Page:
Marital conflict is inevitable. Disagreements arise because spouses have differing perspectives, needs, preferences, desires. Even happily married couples rub each other the wrong way, but they try to avoid the blunders that make marital friction worse. One of these mistakes is “the silent treatment.”
When hurt or angry, some spouses (usually husbands) withdraw. They may slam out of the house, become sullen, or stop talking altogether. Separating for a short time can help tempers cool and allow reason to reassert itself. However, if the separation is to have a positive effect, its purpose and duration must be clearly understood. For example, if a man feels that his anger is getting in the way of resolving a problem, he may tell his wife, “Honey, I’m going to take a 30-minute walk so that I can calm down. When I get back, we’ll work this out.”
For at least a couple of reasons, the silent treatment (the refusal to talk for an undefined period of time) exacerbates marital conflict. First, it creates painful suspicion. What is the silent partner thinking? Is his mind roiling with hate? Is he planning to leave? Even if the uncommunicative person is thinking nothing malicious, the anxiety caused by the silence is detrimental to the relationship. Second, the silent treatment prolongs the agony of conflict. This is because communication is essential to problem resolution. Sharp disagreements are not worked out until they are talked out.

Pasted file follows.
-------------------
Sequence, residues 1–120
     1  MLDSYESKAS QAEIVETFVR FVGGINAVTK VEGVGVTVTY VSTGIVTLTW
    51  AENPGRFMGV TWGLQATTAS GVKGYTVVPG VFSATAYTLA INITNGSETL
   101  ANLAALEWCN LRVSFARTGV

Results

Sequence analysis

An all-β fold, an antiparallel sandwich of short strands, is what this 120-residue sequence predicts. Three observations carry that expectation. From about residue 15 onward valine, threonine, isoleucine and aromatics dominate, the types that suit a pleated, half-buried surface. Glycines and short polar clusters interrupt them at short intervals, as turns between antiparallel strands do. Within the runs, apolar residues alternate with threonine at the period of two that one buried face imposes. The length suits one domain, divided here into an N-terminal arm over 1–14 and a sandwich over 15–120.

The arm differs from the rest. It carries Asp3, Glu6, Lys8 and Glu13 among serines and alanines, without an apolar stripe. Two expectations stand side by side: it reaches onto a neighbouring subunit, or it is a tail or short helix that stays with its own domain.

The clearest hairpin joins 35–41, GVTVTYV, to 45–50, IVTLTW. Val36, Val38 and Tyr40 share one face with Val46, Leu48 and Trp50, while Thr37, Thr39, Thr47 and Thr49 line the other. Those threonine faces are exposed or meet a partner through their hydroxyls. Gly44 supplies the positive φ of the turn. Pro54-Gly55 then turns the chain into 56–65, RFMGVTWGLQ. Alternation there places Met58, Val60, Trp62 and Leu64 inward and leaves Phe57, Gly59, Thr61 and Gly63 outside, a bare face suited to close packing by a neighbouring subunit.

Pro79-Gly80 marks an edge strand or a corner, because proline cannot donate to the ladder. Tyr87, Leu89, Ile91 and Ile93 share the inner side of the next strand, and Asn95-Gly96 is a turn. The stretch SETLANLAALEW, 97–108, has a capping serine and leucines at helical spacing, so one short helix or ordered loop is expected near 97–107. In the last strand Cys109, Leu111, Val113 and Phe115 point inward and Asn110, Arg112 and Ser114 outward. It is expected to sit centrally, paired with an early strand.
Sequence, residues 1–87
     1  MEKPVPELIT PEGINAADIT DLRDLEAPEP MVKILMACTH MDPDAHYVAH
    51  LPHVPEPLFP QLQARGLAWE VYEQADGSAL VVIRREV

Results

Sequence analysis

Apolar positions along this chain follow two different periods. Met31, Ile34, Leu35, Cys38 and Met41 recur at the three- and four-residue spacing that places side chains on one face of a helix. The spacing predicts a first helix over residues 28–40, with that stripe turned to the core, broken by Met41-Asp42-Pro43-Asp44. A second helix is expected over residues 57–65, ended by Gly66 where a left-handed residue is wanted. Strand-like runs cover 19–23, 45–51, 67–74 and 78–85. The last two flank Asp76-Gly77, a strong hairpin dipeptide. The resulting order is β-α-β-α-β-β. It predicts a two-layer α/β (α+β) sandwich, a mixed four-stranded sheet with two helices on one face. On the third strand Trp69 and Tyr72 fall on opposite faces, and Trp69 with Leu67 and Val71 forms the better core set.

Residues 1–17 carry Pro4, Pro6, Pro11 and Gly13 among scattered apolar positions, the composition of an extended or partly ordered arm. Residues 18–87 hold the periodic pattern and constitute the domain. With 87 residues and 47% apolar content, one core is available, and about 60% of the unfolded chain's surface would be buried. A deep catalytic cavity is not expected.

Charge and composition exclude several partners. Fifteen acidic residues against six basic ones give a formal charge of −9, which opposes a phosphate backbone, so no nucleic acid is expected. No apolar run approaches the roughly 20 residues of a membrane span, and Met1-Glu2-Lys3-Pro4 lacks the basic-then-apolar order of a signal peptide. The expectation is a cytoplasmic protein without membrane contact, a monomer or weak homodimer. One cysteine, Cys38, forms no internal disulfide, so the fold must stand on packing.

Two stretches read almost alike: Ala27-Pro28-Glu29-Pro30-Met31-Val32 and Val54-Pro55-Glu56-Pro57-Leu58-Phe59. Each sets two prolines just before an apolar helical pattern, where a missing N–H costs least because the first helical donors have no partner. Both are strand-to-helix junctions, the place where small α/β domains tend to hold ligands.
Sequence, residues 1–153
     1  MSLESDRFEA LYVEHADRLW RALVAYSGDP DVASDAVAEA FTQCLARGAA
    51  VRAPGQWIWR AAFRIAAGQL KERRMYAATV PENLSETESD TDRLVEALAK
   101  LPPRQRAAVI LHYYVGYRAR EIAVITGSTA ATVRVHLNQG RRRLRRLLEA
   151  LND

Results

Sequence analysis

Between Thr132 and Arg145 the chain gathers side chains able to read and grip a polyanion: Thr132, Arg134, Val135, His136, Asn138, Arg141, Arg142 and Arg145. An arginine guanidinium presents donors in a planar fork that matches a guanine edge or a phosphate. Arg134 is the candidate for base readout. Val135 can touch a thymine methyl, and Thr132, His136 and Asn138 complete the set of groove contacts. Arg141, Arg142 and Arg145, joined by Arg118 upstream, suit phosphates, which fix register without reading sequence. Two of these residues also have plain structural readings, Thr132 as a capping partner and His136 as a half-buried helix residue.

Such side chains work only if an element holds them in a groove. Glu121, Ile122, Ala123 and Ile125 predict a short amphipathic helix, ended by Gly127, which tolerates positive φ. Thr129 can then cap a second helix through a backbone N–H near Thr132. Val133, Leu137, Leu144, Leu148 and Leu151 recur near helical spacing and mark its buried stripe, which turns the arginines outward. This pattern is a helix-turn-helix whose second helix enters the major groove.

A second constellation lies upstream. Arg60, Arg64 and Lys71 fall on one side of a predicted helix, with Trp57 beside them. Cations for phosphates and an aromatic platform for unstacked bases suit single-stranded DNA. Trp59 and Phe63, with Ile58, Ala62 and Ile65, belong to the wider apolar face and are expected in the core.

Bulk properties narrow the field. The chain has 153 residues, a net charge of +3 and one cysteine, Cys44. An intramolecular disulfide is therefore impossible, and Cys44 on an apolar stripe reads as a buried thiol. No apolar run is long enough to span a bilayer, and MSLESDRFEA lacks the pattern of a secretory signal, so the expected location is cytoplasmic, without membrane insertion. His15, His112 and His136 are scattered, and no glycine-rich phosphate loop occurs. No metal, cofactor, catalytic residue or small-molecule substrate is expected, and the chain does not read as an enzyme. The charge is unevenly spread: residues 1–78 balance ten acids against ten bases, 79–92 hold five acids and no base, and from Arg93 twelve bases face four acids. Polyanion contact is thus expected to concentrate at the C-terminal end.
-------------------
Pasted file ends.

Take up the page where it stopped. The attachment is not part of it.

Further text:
Although the scriptures contain no specific prohibitions against the silent treatment, the apostles give husbands good reason to refrain from inflicting it. “Husbands,” writes Paul, “love your wives, and do not be harsh with them” (Col. 3:19). And Peter commands men to “live considerately with your wives, bestowing honor on the woman as the weaker sex” (1 Pet. 3:7).